Lashanda White-Owens

Twenty dollars worth of newspapers and a vision were the only things local fashion designer Lashanda White-Owens needed to create a centerpiece worthy of rivaling the most eccentric fashion icons.

Lady Gaga may have walked the 2013 American Music Awards on a faux white horse in a Versace dress, but even the fashion legend herself has never worn a dress made entirely of newspaper and duct tape.

White-Owens, a Noxubee County native, moved to Columbus in 2009. She briefly worked for a construction company before devoting herself to her husband, children and her passion for sewing.

“I’ve been sewing for six years now,” White-Owens said. “Two years ago I got more serious and started doing handmade fashion.”

As a young fashion designer with a flair for entrepreneurship, White-Owens opened her own business, Luxe Code by Shun White, in 2019.

With a new space to create and full of ideas, she immediately jumped into designing creative clothing lines for women.

For the past three years, she worked on designing and promoting her business until a Facebook post three days ago changed everything.

Tamaka “LilJones” Jones wears fashion designer Lashanda White-Owens’ dress made from Commercial Dispatch newspapers. Courtesy photo/Mayfield Photography

On Monday, White-Owens uploaded a series of images of her latest fashion design to Facebook. Model Tamaka “LilJones” Jones – owner of Salon 220 – stood outside The Commercial Dispatch in the visionary’s latest creation: a newspaper dress meant to serve as a statement and self-penned article.

It didn’t take long for the Avant-garde dress to capture the attention of the Columbus community and, well, The Dispatch. The post garnered hundreds of likes and comments, as well as dozens of shares.

“It was shocking and surprising,” she said. “Everyone was praising me because they thought the shoot was a real article that had been published.”

The particular idea for fashioning this dress came to White-Owens when she came across a recent copy from The Commercial Dispatch. What she found in the content of each page was a world of potential – an opportunity to transform one work of art into another.

“Fashion is my passion. I was looking in the newspapers and saw there was no fashion section in the paper,” White-Owens said. “There is entertainment, news and lifestyles but no fashion.”

Determined to incorporate fashion into the newspaper, White-Owens took it upon herself to “write her own story” in an unconventional way. She enlisted the help of Jones and Mayfield Photography before embarking on a quest to create the dress.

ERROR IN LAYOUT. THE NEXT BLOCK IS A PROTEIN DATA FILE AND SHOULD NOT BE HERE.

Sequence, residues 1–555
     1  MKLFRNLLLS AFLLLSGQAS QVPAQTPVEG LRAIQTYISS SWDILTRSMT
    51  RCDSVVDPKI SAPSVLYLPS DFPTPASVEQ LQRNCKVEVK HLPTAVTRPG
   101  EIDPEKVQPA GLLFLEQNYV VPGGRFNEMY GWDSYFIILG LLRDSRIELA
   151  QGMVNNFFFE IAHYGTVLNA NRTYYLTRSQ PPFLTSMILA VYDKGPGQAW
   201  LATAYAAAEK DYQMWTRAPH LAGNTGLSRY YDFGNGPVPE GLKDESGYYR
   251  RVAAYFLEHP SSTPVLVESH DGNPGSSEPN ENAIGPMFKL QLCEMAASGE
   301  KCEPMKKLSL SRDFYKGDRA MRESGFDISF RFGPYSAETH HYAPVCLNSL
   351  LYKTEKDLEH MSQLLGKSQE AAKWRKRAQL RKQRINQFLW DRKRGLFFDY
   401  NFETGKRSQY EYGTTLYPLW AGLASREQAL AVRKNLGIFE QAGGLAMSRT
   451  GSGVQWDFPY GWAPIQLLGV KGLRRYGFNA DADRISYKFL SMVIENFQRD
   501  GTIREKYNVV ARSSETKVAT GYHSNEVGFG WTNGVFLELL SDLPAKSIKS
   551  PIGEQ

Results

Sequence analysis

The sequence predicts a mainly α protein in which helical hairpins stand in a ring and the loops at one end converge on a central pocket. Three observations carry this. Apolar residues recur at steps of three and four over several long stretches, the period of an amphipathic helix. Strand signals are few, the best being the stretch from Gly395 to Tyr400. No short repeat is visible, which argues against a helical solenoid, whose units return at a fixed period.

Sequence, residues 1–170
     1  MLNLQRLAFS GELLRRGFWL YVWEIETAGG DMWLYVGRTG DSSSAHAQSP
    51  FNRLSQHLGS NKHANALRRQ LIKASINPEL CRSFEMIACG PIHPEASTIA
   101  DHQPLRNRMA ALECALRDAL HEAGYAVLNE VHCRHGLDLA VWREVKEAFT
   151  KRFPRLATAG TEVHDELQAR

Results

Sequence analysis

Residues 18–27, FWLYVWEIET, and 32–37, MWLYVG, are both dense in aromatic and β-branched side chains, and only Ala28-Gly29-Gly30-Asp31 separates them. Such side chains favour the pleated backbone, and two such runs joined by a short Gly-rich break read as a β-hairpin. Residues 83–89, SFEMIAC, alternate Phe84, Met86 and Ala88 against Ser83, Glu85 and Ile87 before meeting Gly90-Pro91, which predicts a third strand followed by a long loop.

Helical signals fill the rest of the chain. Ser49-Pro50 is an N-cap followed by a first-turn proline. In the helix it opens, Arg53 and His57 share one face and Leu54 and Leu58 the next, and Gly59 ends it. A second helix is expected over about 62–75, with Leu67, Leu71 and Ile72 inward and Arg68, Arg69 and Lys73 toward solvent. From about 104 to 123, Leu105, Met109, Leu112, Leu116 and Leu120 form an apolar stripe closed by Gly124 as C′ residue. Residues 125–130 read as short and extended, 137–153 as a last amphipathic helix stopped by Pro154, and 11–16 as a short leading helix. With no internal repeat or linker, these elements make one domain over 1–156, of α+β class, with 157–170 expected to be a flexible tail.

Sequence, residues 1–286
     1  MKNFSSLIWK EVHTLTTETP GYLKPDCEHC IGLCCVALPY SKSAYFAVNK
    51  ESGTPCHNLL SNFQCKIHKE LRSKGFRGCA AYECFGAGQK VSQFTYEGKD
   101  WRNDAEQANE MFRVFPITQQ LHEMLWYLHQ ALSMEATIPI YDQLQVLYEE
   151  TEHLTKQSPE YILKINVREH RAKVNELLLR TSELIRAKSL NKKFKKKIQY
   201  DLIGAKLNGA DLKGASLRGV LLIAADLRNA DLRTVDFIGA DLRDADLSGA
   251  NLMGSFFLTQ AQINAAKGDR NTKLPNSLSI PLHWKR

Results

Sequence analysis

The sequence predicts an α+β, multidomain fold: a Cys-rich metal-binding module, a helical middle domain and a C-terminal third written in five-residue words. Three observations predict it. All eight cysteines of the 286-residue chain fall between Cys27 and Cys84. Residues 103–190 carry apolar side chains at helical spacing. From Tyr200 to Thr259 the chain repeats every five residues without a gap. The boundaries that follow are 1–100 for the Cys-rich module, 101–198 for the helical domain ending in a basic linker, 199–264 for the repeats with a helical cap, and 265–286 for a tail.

“One random day I was like, like, I’d like to have an item and I just contacted Mayfield and Jones and put it (the concept and the shoot),” White-Owens said.

With a model and a photographer acquired, the young designer had everything she needed to realize her vision. Everything except the dress of course.

Dizzy with excitement, White-Owens began to weave his masterful web. She sent her husband to buy as many newspapers as he could with a $20 bill, measured Jones’s waist, created a polyester skirt and started folding and crumpling each newspaper until it is pleated.

“It was a lot of bending and taping, bending and bending and bending and taping until it was all put together and I put it around her,” White-Owens said. .

Once each paper was properly pleated, she taped them around her model’s figure. The elegant testament to fashion and journalism took just two hours.

“I think she knew I would be able to jump into her vision. She’s so creative and I think she knew I would be able to bring that vision to life,” Jones said. I was wearing. I just geared up and helped bring his vision to fruition.

Dressed in a paper vision of beauty, Jones posed for Mayfield in the dress and soon all three uploaded to Facebook, and the rest is history. Well, fairly recent history.

Since the post has grown in popularity, White-Owens has seen a lot more attention turn to her business and hopes to use her insights in the years to come to make her brand global.

“A lot more attention has been turned to my business since the position was created,” White-Owens said. “We haven’t approached anyone for a partnership or anything like that yet, but we’re definitely getting a lot more attention (on social media).”

The dress will testify to the endless potential of a creative mind and subtle inquiry to bring fashion to life in the newspapers.

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